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EDITORIAL: Church of Produce

EDITORIAL: Church of Produce

Tulsa Whole Foods (photo by Creative Commons User ilovemypit)

Boston Herald

We still live in a free country. If you buy groceries where you think the checkout clerk is cute, you’re free to do that. If you refuse to buy groceries from a company whose CEO advocates politically incorrect proposals for health-care reorganization, you’re free to do that, too.

And we’re free to call you a bird-brained doofus.

Astonishingly, thousands of customers of Whole Foods Market have angrily denounced CEO John Mackey for publishing an op-ed article in The Wall Street Journal on Aug. 11 advancing what he believes are eight changes in our insurance system that would be a big improvement.

The most important call for removal of obstacles to the creation of high-deductible health savings accounts such as the plan Whole Foods employees use, ending the tax break for employer-provided insurance, permitting insurance sales across state lines and making malpractice lawsuits more difficult. These are mainstream ideas backed by many opponents of the tinkering proposed by President Obama and his supporters in Congress. We have endorsed these four principles ourselves.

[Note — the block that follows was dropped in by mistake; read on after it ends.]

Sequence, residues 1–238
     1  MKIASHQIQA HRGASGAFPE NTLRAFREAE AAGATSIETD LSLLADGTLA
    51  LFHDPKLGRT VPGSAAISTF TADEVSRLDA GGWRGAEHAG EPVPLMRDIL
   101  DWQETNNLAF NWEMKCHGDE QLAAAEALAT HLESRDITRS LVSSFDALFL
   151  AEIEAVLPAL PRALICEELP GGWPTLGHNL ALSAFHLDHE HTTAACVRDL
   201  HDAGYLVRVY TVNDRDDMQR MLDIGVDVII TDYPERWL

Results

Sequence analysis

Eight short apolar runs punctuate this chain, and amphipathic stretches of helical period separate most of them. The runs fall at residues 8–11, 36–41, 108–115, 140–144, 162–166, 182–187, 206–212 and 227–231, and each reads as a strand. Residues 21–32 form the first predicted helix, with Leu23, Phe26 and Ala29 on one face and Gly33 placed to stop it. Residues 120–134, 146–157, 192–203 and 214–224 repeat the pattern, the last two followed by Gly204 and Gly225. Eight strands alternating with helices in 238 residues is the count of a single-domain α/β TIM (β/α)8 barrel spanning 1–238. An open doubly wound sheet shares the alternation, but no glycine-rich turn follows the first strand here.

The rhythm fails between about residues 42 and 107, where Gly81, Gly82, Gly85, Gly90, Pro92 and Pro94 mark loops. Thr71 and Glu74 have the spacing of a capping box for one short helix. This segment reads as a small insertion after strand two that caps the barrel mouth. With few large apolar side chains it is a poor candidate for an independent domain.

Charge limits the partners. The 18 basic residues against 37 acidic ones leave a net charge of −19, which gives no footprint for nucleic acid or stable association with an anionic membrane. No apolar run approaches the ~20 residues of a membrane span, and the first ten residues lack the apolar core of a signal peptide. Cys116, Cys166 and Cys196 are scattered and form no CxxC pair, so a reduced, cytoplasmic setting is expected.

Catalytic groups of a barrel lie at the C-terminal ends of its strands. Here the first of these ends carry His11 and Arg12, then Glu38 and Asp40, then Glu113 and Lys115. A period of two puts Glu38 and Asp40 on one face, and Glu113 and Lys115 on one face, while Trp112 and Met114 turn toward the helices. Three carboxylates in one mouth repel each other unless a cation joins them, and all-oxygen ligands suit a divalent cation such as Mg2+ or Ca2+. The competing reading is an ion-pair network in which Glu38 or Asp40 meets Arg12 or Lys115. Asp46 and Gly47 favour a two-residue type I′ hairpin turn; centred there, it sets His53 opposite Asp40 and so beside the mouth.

More than 10,000 people have made posts to a Web site the company established to receive comment (no pro and con breakdown was available), and personal interaction services such as Twitter and Facebook have been buzzing with outrage. A “Boycott Whole Foods” group has been formed.

In a post to a listserv of Obama supporters, one Thomas Goldstein wrote that CEOs should “face costs when they take right-wing stands,” according to The Washington Post.

Threatening to boycott Whole Foods is making shopping into a religion, and an intolerant one at that. Or is it just that a lot of people on the Left have too much time on their hands?

© 2009 Boston Herald. Provided by ProQuest LLC. All rights Reserved.

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